Boost Your C++ Programming - page 2
LP: For programmers migrating from languages such as Java and C#, C++ can be a bit of a challenge initially. What do you think is the biggest hurdle for those programmers to overcome?
Well, memory management is certainly one big hurdle for those programmers. Another important difference between garbage-collected languages and C++ is how important RAII (Resource Acquisition Is Initialization) is in C++ designs. If a programmer fails to understand this importance--very likely it's a new concept--then he or she is bound to create less-than-perfect designs.
I also think that one major part of the hurdle lies in the perceived complexity of C++. While it is true that C++ is a very large language, with many special rules, it's not necessary for most programmers to understand all of it. For example, I have worked with many C++ programmers who don't know anything about templates, but they can still be productive using C++. So, a lot of the complexity is not relevant to many programmers, and thus the hurdle needn't be so hard to overcome. Of course, knowing which parts are most important to understand is itself a problem.
LP: How can the Boost libraries facilitate the life of C++ newcomers?
In many ways! One advice that I constantly give is to use smart pointers all the time, and avoid raw pointers whenever possible. If you're new to C++, you definitely should learn to use smart pointers--I recommend the ones in Boost.Smart_ptr--so you won't have to worry so much about memory management. If you use Boost.Filesystem, you will be relieved of the tedium of learning platform-specific file and directory APIs. If you use Boost.String_algo, you'll get access to many important string algorithms, rather than write them yourself. With Boost.Regex, you'll have access to powerful regular expressions. The list goes on and on--most of the libraries in Boost are well suited for any C++ programmers, neophytes and experts alike.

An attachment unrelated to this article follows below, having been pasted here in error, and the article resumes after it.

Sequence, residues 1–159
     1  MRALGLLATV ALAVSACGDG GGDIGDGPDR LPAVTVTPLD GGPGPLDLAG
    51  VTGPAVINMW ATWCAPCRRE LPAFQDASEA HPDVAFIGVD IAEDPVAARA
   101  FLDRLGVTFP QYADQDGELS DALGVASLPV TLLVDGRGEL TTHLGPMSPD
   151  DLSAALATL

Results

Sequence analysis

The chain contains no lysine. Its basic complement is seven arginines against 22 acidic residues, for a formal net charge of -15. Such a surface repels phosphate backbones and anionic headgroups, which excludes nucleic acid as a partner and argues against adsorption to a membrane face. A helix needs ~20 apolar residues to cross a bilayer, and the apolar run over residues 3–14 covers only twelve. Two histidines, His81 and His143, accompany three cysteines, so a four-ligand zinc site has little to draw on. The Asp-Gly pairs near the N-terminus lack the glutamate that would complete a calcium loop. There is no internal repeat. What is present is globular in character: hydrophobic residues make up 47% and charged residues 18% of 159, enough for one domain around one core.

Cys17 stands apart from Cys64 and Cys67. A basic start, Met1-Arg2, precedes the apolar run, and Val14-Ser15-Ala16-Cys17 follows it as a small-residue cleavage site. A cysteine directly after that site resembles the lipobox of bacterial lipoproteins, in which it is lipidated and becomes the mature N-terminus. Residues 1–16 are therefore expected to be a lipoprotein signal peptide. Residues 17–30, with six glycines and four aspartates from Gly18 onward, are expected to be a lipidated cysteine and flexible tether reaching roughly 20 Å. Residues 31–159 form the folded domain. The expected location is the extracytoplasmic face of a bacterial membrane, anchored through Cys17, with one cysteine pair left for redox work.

LP: What do you see as C++'s greatest strengths? Weakness?
Strengths that are important to most people include how well the language supports large-scale projects, the powerful support for generic programming, and how well the language supports extensions through libraries. Of course, efficiency is another major motivation for many C++ programmers, a property that goes hand in hand with the support for low-level constructs. The most important weakness is definitely the size and complexity of the language. As I said earlier, the complexity need not be tackled by everyone, because not all of C++ is relevant to all programmers--but it isn't so easy to know what is important and what's not.
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